The carpet is a little plusher, the slot machines are more secluded — and the price of gambling is much higher.
Most casino visitors saunter past the high-limit section, if they even notice it at all. But every casino has a special area for those who want to go big with bets. A security person usually stands near the entryway, but anybody can walk in, because sometimes even casinos can’t tell the penny-pincher from the big spender.
“There are really two types of big players,” says Mike DeLuca Jr., slots director of Mardi Gras Casino in Hallandale Beach. “There are the players who want a ton of attention, the peacocks. But more times than not, the high rollers don’t want people to know who they are. They drive normal cars, and they want to be left alone.”
Calder Casino in Miami Gardens has changed its more luxurious area to “VIP Slots” instead of “High-Limit Slots” partially because sometimes the bigger players prefer to play “penny slots,” which are misnamed because a maximum bet on such machines often approaches $1. Like Mardi Gras and a few others, Calder has a VIP room for bigger players, with snacks, TVs, lounge chairs and beverages. Getting access to that room — VIP status — requires zealous slot play, and in some cases can bring more business.
“Having incentives like our VIP lounge and dedicated host team gives guests more reasons to attain a higher card status.” says Matt Harper, director of marketing at Calder Casino.
Seminole Coconut Creek Casino VP of Marketing Jonathan Marcus compares treatment of high-limit players to going first class on an airplane: “They want a higher level of service, but they pay for it by wagering more.”
Casinos help out the bigger players in that respect, though, especially with slots. A slot costing $1 or even $5 per spin often is programmed to pay back about 97 percent of the money put in. Machines that cost a penny or a nickel often return only about 90 percent. But the casinos still make most of their money on the bigger player because of volume.
King of the Hill
Any poker player who has ever hit a high hand early during a time period can identify with sweating out each minute of the clock running down.
Well, Gulfstream Park now has promotions that reward being the first up on the high-hand board. The card room has added a “King of the Hill” payout, meaning if you’re the first person to qualify for a high hand and it holds up to the end of the time period, you garner an extra $250. Gulfstream has added other new bonuses in May: Quad kings wins $250 instantly and hitting your high hand on the flop scores a $250 bonus.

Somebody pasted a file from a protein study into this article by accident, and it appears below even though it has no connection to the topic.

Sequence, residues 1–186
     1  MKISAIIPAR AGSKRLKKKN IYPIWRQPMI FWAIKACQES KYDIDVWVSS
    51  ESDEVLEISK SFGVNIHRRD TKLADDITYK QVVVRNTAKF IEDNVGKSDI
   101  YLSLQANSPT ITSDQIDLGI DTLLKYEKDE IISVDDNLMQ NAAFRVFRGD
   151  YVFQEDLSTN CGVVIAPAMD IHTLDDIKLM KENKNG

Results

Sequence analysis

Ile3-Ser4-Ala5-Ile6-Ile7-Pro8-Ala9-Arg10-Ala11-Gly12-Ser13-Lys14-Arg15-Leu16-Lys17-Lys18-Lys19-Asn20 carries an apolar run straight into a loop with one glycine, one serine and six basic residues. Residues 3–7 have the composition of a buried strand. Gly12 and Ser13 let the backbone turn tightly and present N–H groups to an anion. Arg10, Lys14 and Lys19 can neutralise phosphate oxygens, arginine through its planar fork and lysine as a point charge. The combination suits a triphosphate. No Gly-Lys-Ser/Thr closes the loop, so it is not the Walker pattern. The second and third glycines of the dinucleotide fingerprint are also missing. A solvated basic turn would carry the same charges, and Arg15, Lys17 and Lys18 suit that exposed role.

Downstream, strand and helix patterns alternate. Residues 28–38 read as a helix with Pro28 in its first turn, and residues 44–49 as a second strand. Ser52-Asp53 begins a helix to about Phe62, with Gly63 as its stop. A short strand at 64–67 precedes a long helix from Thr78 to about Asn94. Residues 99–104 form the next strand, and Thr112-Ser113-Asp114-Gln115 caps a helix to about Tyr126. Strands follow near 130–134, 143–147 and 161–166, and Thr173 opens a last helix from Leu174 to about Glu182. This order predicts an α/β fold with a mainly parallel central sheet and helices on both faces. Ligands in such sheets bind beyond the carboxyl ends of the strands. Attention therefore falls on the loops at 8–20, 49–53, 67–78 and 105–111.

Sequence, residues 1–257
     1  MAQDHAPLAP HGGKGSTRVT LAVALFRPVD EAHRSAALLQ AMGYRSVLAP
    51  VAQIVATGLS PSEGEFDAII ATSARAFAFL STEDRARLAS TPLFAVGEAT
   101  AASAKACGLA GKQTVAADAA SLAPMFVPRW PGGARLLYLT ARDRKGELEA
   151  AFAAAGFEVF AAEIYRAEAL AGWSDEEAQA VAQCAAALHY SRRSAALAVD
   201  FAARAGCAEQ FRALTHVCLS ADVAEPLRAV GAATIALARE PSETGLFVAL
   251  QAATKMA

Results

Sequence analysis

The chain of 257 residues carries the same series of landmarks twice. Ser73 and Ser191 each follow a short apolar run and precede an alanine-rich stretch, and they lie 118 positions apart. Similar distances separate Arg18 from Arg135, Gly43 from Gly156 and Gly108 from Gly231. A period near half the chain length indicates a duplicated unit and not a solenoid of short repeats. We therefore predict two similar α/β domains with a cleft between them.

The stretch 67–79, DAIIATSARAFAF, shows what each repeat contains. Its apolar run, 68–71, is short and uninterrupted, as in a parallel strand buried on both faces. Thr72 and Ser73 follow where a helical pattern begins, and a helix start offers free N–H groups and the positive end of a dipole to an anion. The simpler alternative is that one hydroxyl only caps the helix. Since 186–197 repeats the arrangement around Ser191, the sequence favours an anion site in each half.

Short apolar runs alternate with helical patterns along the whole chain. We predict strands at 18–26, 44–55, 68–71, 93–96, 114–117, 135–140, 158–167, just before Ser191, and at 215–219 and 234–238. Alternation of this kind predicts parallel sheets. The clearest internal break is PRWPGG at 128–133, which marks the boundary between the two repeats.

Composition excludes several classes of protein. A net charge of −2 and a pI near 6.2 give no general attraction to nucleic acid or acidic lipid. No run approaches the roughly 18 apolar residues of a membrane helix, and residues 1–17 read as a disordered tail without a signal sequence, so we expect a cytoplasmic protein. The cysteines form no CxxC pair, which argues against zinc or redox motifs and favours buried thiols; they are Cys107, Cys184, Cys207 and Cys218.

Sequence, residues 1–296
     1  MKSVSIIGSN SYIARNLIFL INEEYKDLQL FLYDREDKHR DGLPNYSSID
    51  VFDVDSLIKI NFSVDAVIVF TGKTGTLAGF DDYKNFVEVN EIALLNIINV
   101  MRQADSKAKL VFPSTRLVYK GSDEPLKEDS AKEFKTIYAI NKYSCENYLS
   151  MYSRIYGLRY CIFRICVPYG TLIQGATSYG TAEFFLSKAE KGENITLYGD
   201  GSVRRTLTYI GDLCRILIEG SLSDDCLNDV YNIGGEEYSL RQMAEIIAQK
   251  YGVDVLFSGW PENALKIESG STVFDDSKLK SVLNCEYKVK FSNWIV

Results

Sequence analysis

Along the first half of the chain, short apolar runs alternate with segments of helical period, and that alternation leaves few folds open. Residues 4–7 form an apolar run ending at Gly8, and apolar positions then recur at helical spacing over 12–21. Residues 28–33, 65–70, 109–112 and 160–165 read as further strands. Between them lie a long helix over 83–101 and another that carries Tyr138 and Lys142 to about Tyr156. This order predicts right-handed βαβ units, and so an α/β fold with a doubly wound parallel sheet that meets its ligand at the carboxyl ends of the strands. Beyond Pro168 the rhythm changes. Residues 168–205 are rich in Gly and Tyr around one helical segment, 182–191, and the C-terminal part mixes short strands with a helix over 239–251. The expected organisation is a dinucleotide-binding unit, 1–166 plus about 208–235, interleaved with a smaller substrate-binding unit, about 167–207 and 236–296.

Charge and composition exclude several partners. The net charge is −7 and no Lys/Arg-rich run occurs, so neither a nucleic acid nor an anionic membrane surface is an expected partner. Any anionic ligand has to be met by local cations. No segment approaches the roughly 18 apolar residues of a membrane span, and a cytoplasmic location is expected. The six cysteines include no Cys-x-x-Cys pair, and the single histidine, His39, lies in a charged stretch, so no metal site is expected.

Deep stack poker series
The Seminole Hard Rock Deep Stack Poker Series, which consists of seven events and buy-ins ranging from $150 to $1,650, begins Thursday. The tournament series is especially popular for those who like to sit down with loads of chips: Starting stacks range from 30,000 in the early events to 50,000 for the main event.
For those looking for a cheaper way into the main event, the Seminole Hard Rock has a Tuesday Night Special at 6 p.m.: A $150 buy-in awards a seat into the event, which normally costs $1,650.
▪ This is the third consecutive Sunday that Casino Miami has given away a Ford Fusion. Hourly free play drawings are from 2 p.m. to 10 p.m., with the grand prize at 11 p.m. The group Palo performs a free show at 9 p.m. Saturday.
▪ Sunday is the monthly Birthday Bash at Hialeah. Players club members who have a birthday in May receive a free cupcake and are entered to win their share of $1,000 in drawings at 8 p.m.
▪ Miccosukee Resort & Gaming has $575 giveaways at noon, 5 p.m. and 10 p.m. Mondays through Thursdays. Slot players must accrue 75 points to be placed into the drawing and have their card in a machine when their name is called.
▪ Magic City Casino continues its popular “Spin to Win” hourly from 4-7 p.m. on Mondays and Fridays. Patrons receive, cash, free play or other prizes.
▪ Macallan scotch is paired with a four-course dinner at 7:30 p.m. Friday at NYY Steak at Seminole Casino Coconut Creek. Tickets are $199. Call 954-585-5379.
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